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HomePick of the DayRare import Renault Alpine GTA

Rare import Renault Alpine GTA

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One part of the collector car market that is especially hot are 1980s and ’90s limited production sports and exotic cars. Those that are rarer than others tend to cost the most, but there are exceptions.

The Pick of the Day is one of those exceptions, a 1990 Renault Alpine GTA advertised on ClassicCars.com by a dealer in St. Charles, Missouri. The Alpine GTA was the first Alpine model marketed under the Renault name. An update of earlier Alpine models, it had a number of interesting features.

Renault Alpine, Rare import Renault Alpine GTA, ClassicCars.com Journal
The Alpine competed in Europe against the Porsche 944

Renault and Alpine took the old Alpine 310 and updated it with such things as integrated bumpers, a triangular C pillar and a large rear window. It used the Peugeot/Renault/Volvo 2,458cc V6 engine, called the PRV, and boosted it with a turbocharger and mounted in the rear of the car. 

The designers made extensive use of polyester plastics and fiberglass for the body panels, which made the car much lighter and quicker than other cars in its class,  such as the Porsche 944. The body design of the Alpine GTA was so aerodynamic that it achieved a 0.28 drag coefficient making for a world record at the time.

Renault Alpine, Rare import Renault Alpine GTA, ClassicCars.com Journal
Body panels are made from plastic and fiberglass

The GTA name stands for “Grand Tourisme Alpine,” but in most markets, the car was known as the Renault Alpine V6 GT or as the Renault Alpine V6 Turbo.  An interesting factoid about the GTA was that in England, the car was named Renault GTA since the British automaker Sunbeam had been using the “Alpine” name since the 1950s.

This 1990 Alpine, which has its  2.5 Liter Turbocharged V6 hooked up with a 5-speed manual transmission, has covered only 31,203 Kilometers (19,388 miles) since new, according to the seller. Its history includes its original sale in Japan, later imported Under the 25 Year Import Law that allows non-DOT-compliant vehicles to be brought here as collector cars. Importantly, the car has its customs paperwork and import documentation.

The premium interior is roomy and well-appointed
The premium interior is roomy and well-appointed

The car has a Borla muffler and tips with its original exhaust included in the sale, an Alpine AM/FM/CD audio system, factory air conditioning with an updated compressor, power windows and power locks. The car also includes its original spare tire, tool kit and original owner’s manuals. The front seats were recently recovered in leather, and the car has new tires, a new serpentine belt, new brake lines and new sway bar bushings, the seller says.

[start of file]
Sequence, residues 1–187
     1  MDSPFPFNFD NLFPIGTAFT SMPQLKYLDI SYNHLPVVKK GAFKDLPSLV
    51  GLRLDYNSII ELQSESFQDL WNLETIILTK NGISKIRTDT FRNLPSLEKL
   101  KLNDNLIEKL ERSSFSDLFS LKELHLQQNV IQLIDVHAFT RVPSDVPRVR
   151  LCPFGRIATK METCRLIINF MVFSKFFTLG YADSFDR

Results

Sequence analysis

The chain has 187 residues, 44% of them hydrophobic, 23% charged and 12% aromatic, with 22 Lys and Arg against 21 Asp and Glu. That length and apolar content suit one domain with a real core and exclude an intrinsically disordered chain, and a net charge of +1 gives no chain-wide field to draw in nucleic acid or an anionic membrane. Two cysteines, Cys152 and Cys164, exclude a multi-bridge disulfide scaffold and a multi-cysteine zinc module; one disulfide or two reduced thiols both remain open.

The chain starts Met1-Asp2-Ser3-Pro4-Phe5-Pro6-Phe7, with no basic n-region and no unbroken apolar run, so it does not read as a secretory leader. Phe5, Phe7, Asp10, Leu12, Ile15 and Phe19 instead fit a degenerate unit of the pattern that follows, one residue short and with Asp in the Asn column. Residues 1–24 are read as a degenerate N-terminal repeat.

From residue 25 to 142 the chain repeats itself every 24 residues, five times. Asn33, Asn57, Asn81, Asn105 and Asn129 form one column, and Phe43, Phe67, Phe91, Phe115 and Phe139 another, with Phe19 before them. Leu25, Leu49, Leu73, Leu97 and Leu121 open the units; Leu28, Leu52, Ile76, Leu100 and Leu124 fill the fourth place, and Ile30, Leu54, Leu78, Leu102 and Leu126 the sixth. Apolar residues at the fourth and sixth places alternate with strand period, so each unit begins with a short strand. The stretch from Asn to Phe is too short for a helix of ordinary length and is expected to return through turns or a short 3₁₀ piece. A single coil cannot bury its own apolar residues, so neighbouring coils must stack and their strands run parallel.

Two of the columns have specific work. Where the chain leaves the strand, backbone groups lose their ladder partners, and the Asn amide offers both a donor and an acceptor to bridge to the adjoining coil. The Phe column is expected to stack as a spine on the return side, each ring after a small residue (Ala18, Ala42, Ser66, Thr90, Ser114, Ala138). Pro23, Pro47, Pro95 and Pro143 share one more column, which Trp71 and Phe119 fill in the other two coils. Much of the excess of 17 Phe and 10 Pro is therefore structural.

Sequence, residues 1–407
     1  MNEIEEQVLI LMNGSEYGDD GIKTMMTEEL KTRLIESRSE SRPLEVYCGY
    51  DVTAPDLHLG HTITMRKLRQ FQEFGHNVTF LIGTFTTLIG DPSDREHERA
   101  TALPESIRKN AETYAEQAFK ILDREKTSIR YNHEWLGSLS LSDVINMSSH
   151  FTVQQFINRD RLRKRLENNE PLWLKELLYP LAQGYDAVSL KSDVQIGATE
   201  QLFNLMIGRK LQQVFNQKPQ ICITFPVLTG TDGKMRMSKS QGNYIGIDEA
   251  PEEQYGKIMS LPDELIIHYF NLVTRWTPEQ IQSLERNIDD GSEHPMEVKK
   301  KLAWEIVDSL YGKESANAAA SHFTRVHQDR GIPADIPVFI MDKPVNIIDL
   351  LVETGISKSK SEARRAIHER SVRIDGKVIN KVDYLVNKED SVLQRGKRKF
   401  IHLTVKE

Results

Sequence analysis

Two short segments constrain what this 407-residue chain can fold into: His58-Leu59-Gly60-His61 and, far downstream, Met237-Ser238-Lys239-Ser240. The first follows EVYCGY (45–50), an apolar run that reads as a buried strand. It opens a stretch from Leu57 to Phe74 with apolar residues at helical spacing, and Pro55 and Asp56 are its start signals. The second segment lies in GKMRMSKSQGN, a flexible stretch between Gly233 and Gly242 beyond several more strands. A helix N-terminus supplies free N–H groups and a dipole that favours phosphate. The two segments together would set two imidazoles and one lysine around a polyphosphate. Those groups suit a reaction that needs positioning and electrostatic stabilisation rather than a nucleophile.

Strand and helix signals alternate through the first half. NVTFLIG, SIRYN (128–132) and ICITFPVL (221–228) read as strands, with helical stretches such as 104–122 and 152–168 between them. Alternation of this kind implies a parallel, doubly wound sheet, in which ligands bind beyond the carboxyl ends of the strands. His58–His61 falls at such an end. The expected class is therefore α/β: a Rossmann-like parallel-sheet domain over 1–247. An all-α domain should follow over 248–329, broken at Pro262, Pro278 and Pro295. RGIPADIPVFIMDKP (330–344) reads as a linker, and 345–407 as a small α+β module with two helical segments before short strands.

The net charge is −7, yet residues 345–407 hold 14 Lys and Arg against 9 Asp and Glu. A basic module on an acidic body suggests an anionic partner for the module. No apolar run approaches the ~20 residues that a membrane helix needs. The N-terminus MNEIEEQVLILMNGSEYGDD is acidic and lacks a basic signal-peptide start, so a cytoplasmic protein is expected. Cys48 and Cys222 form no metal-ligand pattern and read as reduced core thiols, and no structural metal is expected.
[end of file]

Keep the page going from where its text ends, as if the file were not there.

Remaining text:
These cars are about as rare as it gets in the United States and you are not likely to see another anytime soon. The level of exclusivity this car offers is hard to beat, especially at the price of only $37,995.

If you want to be a little different with your sports car choice and don’t mind the hassle of getting all your parts from Europe, then this Renault could be the car to wow your friends at the next Cars and Coffee.

To view this listing on ClassicCars.com, see Pick of the Day.

Hagerty
Andy Reid
Andy Reid's first car, purchased at age 15, was a 1968 Fiat 124 coupe. His second, obtained by spending his college savings fund, was a 1966 Ferrari 330 GT 2+2. Since then, he has owned more than 150 cars—none of them normal or reasonable—as well as numerous classic motorcycles and scooters. A veteran of film, television, advertising and helping to launch a few Internet-based companies, Reid was a columnist for Classic Motorsports magazine for 12 years and has written for several other publications. He is considered an expert in European sports and luxury cars and is a respected concours judge. He lives in Canton, Connecticut.

3 COMMENTS

  1. Renault is not a popular brand in the US market. Cars made of plastic and fiberglass tend to get totally destroyed when struck by cars made of steel. I have a rare car here in Panama. As the newer cars are made from plastic and fiberglass and run with electronic gizmos and sensors and are completely not backyard mechanic friendly, I prefer a car that you can open the hood and name the parts and know what they are for, how to adjust them, and where there are no computers or plug in ports. I prefer relics from the past because I guess I am one myself. I have 260 horsepower and it is a small V8. I can do 0 to 60 really fast but I prefer to gently press the pedal. French sports cars from 30 years ago compared to a big Oldsmobile that is comfortable and safer and easier to work on……well there is no comparison.

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